Wednesday, August 25, 2004

Shifting focus

The Whiteboard


Nothing but a 20 minutes or so practice while watching some Olympics.


Nothing. Went on 4 hr bike ride featuring: roots, mud, rain, great company, more mud, lunch at a historical hotel and a little more rain.

Nothing. Do I really have a gig in less than a week? You'd never know by how hard I'm working.

Band practice. Ran through the whole set. Not great. Came home and edited 3 tracks in an hour and a half.

The Commentary

The last time I tried to mix Bicycle Built for Two (actual title: Daisy Mae) it took me 4 or 5 hours over two days to come up with something listenable. Last night I did 3 times the material in around 1/4 the time and it sounds better. Hmmp.

I suspect that first effort helped the later one. A lot of the extra time was spent button pushing and knob twiddling. What does this effect do? What happens if I drench it in reverb? And so on. In essence, though I didn't realize it at the time, I was practicing with the recorder and its mastering software. Just like guitar, practice is essential.

But there's more to it than that. I find I have two levels of listening. There's hyper-critical and focused, where each part of the sound is serially the center of attention. Then there's a wider approach, where the whole is considered. Last night I was able to move between the two without effort. Usually once I start listening critically I can't stop. All I can do was shift my attention through each instrument and hope for the best. I'd listen to the final mix again after at least a night's sleep. The theory being that given enough time I'd hear it more as whole. Doesn't always work. The same problems or concerns would stand out front and center, and really, why wouldn't they? After you've invested a lot of time and energy on them it's hard hear anything else.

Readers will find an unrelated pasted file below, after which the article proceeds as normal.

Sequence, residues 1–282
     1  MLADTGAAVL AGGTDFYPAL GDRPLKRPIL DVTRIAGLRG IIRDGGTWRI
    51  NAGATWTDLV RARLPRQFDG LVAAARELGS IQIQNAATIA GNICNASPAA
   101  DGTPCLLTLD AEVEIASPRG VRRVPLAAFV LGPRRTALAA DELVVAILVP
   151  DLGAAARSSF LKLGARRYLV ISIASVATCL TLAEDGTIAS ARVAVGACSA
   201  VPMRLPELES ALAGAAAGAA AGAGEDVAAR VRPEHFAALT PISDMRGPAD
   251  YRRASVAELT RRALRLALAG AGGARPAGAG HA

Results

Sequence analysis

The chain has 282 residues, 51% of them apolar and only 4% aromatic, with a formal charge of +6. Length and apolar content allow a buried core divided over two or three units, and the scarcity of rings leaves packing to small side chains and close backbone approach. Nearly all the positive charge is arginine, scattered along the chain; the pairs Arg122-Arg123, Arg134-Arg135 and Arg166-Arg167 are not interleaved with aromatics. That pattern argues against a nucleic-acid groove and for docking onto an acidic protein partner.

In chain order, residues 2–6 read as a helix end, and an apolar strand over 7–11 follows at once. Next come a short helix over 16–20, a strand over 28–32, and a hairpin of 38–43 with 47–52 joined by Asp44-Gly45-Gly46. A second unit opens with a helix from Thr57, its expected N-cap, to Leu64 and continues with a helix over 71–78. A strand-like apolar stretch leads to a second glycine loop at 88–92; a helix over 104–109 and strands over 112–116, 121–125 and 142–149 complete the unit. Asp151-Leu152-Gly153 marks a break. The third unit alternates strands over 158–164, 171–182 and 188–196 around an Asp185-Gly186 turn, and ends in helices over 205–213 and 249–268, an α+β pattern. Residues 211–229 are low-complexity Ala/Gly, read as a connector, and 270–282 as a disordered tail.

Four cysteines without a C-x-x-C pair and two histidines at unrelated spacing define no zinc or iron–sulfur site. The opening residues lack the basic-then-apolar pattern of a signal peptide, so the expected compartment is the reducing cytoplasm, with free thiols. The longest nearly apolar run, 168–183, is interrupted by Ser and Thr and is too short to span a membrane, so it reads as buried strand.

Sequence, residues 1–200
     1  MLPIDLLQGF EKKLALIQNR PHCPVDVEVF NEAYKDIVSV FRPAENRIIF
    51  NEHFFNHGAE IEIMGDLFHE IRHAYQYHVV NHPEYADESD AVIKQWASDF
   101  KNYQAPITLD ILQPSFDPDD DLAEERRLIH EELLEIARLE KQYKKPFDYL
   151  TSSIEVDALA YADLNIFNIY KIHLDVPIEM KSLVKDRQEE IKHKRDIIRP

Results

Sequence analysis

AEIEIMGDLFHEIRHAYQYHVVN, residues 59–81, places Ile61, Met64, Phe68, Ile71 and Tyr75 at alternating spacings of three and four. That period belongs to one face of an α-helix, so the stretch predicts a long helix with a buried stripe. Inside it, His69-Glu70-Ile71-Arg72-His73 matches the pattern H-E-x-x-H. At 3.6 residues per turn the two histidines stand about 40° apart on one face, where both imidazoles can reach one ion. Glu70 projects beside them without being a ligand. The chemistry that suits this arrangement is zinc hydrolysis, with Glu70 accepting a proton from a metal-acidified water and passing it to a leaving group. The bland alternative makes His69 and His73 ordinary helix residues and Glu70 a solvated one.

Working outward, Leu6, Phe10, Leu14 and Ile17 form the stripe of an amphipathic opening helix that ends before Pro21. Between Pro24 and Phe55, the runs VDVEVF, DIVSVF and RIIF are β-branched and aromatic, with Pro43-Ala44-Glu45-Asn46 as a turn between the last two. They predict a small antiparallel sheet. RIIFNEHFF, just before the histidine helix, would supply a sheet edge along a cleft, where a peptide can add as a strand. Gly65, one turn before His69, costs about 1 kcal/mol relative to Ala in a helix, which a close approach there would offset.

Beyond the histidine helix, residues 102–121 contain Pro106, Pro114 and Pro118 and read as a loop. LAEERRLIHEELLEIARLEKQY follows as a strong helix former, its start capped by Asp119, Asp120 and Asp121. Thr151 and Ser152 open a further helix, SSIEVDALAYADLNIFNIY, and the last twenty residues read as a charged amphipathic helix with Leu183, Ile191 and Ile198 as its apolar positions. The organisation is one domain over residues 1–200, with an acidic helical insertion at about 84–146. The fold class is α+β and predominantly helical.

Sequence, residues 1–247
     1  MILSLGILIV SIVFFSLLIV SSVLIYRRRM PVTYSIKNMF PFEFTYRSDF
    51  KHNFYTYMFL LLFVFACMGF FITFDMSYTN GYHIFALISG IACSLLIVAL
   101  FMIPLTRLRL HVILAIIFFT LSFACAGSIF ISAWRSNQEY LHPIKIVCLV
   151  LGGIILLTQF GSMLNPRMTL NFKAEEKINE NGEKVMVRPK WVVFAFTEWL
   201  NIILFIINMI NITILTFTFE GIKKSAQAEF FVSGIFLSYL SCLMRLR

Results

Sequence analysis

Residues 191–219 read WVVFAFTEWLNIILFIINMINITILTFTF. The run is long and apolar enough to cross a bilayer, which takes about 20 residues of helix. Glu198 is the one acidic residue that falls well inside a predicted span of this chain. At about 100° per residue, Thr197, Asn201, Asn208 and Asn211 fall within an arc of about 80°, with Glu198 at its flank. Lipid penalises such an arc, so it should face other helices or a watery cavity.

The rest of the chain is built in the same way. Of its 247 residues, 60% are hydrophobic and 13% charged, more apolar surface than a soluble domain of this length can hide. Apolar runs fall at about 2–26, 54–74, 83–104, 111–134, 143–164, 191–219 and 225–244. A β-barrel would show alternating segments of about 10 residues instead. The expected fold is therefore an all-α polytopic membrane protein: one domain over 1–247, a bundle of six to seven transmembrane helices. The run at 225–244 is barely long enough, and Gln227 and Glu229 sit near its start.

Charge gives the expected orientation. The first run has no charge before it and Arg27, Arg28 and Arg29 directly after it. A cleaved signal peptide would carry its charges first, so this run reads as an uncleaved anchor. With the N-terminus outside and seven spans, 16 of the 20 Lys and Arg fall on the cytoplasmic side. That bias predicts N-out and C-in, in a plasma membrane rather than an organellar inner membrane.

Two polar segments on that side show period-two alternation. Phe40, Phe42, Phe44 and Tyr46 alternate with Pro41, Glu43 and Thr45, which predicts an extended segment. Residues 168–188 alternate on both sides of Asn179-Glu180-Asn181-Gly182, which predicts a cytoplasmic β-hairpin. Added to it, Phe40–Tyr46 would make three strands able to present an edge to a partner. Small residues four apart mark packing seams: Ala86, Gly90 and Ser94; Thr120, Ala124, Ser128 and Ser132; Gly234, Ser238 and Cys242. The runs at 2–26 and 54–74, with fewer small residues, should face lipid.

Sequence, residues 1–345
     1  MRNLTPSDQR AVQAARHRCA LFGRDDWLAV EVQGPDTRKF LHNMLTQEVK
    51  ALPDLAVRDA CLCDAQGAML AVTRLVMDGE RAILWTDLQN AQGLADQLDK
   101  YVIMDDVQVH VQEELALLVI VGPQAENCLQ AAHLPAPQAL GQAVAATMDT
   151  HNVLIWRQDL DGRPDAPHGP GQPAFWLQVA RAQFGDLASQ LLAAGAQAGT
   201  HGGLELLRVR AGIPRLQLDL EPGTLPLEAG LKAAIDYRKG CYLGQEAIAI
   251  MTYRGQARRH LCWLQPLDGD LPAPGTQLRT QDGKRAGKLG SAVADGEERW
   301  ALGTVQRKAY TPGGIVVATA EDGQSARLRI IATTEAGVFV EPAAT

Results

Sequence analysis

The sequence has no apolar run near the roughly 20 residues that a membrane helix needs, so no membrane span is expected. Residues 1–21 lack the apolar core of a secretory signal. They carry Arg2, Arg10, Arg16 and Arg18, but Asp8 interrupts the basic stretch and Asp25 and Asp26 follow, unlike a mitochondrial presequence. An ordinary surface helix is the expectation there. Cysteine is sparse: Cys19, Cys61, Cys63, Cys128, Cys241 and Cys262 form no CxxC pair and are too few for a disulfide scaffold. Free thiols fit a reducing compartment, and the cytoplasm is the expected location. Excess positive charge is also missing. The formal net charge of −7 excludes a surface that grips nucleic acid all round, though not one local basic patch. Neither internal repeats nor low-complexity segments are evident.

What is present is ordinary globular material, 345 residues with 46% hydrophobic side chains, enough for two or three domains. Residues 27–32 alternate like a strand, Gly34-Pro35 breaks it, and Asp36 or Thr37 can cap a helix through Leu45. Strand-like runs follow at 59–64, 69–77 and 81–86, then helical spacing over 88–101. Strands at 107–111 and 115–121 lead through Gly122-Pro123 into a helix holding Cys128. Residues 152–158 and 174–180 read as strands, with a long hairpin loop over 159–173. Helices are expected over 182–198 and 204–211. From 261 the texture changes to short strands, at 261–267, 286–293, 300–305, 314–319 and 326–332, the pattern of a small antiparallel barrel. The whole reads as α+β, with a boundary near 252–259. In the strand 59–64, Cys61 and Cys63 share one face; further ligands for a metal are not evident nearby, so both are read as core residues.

Last night was different. I was under some time pressure. The LUC is using these tracks as a background for a visual presentation. (She designed a Rails to Trails project that won an award and is presenting it at two conferences.) I've been dawdling and suddenly it was crunch time. Crunch time without crisis, not my usual state of affairs.

I think there are two reasons it went so well. The LUC was sitting across from me as I did the mixing. I've been trying to maintain my shit as much as possible around her. I tend to over-react to just about everything and it's time to stop. The other reason is something that Ridley Scott (director of Alien, Black Hawk Down etc.) said in the commentary for Matchstick Men. Apparently he likes to work quickly, decisions are made right now and things are kept moving. He trusts his instincts and I'm beginning to realize that the only way to learn to trust yourself is to actually do it.

Last night I found myself listening to the track as a whole without any agenda. The decision to change something was based on a feeling: did it sound "right". If it wasn't right I'd narrow my focus: how's the bass, what about the drums, is the lead too loud etc. The first thing I noticed as being wrong got adjusted then the process would start over. I wasn't conscious of any of this at the time. I'm really hoping that by working out what happened I'll be able to repeat it.

So, the formula would appear to be:

An unhealthy respect for a Hollywood director.
+ A strong desire to avoid the disapproval of a loved one.
+ A procrastination produced need for speed.
= A better way of working.

Hmmm, I wonder if this'll help me file my taxes on time?

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